Thoughts on the PGC Proposed License Increase
The last time I went to the movies, the admission cost was $8; add in the buttered popcorn and soda, plus the candy smuggled in my purse, and I'd spent about $15 on entertainment.
When I buy my Pennsylvania license, I buy just about everything you can get - general hunting, archery, fur taker, migratory bird (plus federal duck stamp), bear, bobcat, turkey, doe application and a chance at an elk tag. Let's say I've spent about $150 for the privilege to hunt in Pennsylvania.
How often do I go hunting? Every minute I can. Last fall I was heading into the Tamaqua Middle School for a school board meeting, and a citizen stopped me on the sidewalk to let me know that a long strip of corn stalk leaf was stuck to my shoe. That's because I had hunted until dark nearby, and changed clothes in the corn field.
In a conservative guess, counting the avid pursuit of ground hogs and coyotes, I probably hunted at least 150 days during the previous license year June to June, at a cost of about $1 a day.
Yes, I know that's not typical; so let's say your schedule allows you to get out on Saturdays only. You had six Saturdays during archery season, two in the deer firearms season, and four during spring turkey for a total of 12 days afield. Let's say you forego the migratory bird, bear and elk tag chance. You will have spent about $10 for each day - less than you'd spend going to see a two-hour movie.
I think that even with the proposed increases - for residents and nonresidents - the Pennsylvania hunting license is still a bargain.
Facts on the Proposed Increase - According to the PGC:
The Pennsylvania Game Commission last week unveiled a proposal to increase fees for hunting and fur taker licenses for the first time in 16 years. Any license-fee increase must be authorized by legislative action - with approval from the state General Assembly.
If the Game Commission's proposal is adopted as drafted, and fees for hunting and fur taker licenses are increased to $39 over a five-year period, Pennsylvania still would have the eighth-cheapest license in the nation, based on the existing fees in other states.
Almost 40 percent of the Game Commission's revenue comes from the sale of hunting and fur taker licenses. Other primary sources of income include federal Pittman-Robertson funds collected from an excise tax on sporting arms and ammunition, and revenue derived from the sale of natural resources like timber, oil and gas on lands owned by the Game Commission. With these revenues, largely generated by hunters and trappers, the Game Commission manages 480 species of wild birds and mammals, most of which aren't hunted.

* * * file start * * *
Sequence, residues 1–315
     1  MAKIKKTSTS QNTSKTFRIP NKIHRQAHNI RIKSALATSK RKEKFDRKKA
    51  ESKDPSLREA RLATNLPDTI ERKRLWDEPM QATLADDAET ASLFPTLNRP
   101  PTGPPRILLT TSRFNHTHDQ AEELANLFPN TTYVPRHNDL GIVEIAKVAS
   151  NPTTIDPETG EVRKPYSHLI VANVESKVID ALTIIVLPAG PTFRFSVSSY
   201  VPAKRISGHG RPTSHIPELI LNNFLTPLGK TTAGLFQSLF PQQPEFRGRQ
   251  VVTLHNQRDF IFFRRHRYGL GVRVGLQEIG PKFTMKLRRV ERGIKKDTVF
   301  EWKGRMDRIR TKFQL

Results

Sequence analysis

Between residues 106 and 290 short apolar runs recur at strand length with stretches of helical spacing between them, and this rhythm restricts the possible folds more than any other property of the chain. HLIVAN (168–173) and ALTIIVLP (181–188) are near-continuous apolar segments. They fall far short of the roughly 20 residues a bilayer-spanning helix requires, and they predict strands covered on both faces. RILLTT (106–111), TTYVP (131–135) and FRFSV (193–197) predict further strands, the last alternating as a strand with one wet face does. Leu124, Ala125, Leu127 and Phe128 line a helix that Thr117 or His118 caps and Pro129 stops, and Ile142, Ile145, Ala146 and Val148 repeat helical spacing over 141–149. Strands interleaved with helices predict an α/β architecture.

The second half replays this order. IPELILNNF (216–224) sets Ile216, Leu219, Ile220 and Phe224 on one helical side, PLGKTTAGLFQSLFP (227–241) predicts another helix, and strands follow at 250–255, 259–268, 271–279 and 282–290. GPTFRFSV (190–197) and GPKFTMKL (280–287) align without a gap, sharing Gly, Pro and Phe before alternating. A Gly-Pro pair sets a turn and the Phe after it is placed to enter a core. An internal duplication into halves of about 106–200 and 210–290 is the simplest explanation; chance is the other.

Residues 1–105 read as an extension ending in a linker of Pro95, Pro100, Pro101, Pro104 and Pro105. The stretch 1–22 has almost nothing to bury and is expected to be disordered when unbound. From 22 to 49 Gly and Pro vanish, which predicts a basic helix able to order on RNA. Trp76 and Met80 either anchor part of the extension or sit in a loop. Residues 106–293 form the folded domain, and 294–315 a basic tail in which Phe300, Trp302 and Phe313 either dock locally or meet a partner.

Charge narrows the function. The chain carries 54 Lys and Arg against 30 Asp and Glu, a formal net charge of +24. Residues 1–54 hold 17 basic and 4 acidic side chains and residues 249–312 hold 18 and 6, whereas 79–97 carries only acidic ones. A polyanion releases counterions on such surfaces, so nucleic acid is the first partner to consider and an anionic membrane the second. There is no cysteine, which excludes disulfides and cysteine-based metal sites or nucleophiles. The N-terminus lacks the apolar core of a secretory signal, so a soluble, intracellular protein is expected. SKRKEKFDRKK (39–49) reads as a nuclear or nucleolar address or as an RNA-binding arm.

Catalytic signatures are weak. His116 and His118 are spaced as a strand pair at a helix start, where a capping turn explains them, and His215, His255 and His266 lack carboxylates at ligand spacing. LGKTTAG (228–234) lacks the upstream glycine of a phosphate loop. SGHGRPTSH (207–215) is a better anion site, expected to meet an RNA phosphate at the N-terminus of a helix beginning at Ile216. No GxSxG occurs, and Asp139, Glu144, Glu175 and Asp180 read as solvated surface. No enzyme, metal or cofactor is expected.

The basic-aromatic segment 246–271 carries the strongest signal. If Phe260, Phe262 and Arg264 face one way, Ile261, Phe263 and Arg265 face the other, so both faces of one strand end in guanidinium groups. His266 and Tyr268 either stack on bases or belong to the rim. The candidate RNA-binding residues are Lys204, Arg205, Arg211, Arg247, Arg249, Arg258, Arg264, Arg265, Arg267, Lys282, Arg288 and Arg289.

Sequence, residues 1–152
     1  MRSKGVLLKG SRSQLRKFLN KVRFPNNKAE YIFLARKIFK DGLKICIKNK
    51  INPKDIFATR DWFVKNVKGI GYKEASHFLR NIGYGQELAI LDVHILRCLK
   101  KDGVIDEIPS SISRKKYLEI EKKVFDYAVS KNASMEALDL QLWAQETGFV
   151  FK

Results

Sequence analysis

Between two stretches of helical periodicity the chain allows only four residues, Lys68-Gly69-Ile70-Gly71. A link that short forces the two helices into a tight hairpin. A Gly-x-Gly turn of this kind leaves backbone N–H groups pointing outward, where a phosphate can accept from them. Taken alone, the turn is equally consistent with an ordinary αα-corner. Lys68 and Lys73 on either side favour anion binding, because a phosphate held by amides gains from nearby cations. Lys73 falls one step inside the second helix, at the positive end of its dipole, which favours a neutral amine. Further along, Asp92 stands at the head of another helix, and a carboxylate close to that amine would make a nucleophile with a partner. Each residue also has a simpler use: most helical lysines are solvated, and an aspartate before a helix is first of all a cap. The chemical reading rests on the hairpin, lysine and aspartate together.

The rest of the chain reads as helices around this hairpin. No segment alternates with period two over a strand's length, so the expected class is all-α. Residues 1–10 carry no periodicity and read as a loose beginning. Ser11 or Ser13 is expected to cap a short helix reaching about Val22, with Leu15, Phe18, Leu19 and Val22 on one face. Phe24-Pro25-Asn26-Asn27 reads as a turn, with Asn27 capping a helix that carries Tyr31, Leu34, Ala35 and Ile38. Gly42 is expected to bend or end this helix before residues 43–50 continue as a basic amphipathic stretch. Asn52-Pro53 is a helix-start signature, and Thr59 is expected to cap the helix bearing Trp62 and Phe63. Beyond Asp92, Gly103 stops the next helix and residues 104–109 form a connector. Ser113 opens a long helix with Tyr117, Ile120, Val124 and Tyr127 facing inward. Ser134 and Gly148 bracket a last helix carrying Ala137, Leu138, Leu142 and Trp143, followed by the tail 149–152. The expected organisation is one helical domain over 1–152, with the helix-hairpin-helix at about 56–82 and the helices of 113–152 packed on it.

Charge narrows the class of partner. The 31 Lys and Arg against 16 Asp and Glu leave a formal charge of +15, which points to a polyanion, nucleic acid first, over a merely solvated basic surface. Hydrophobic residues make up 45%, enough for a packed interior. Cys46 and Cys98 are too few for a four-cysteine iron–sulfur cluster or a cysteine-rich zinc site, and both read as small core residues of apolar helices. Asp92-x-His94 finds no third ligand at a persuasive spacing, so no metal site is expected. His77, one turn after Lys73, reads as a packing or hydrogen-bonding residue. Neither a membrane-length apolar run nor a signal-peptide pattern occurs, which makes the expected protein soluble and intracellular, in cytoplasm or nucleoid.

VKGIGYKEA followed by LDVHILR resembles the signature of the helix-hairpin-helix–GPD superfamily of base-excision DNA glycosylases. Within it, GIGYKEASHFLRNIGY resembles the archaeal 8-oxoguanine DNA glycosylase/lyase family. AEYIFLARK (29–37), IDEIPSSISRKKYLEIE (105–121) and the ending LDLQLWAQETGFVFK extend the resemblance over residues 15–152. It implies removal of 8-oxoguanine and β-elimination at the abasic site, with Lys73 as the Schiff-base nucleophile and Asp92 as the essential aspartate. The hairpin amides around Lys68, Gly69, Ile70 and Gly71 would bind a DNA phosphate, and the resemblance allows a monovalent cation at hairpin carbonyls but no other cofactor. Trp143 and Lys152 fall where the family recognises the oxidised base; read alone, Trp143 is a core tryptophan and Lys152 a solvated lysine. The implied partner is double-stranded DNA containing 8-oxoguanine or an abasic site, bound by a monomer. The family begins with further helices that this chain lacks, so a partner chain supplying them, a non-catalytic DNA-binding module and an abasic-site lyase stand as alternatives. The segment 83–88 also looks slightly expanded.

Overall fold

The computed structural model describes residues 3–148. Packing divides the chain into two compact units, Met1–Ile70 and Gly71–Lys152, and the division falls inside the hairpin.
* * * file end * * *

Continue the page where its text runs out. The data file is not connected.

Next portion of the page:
The last increase took effect in 1999, raising the cost of resident adult hunting and fur taker licenses from $11.75 to $19.
The Game Commission's proposal to increase fees for hunting and fur taker licenses would not affect junior hunting licenses, junior combination licenses or senior hunting licenses. Those licenses would remain at $5, $8 and $12, respectively, plus $1.70 in fees that are split between the issuing agent and license processor.
Most other resident and nonresident license fees would increase three times in five years under the proposal. The cost of a resident adult hunting or furtaker license would increase by $10 in the first year fees are changed, then would increase by $5 in the third year, and another $5 in the fifth year of the plan. Fees for bear, antlerless deer, archery, muzzleloader, migratory game bird and special wild turkey (second spring gobbler) licenses also would see increases as part of the proposal, but the Game Commission also seeks to create a new license that could be used to participate in just about all hunting and trapping opportunities in Pennsylvania, and at a significant discount for those who purchase it.
The Ultimate Outdoorsman license would include a general hunting license, furtaker license, special wild turkey license, and licenses for bear, archery, muzzleloader and migratory game bird. If approved, the resident Ultimate Outdoorsman license would be available initially for $125. That's only $25 more than residents pay now for those licenses combined. And if license fees increase as proposed, the Ultimate Outdoorsman license would save hunters $23 compared to buying the licenses individually. Fees for the Ultimate Outdoorsman license would increase incrementally by $25 in the third year, and another $25 in the fifth year, based on the proposal. In the fifth year, the $175 license would result in a savings of $33.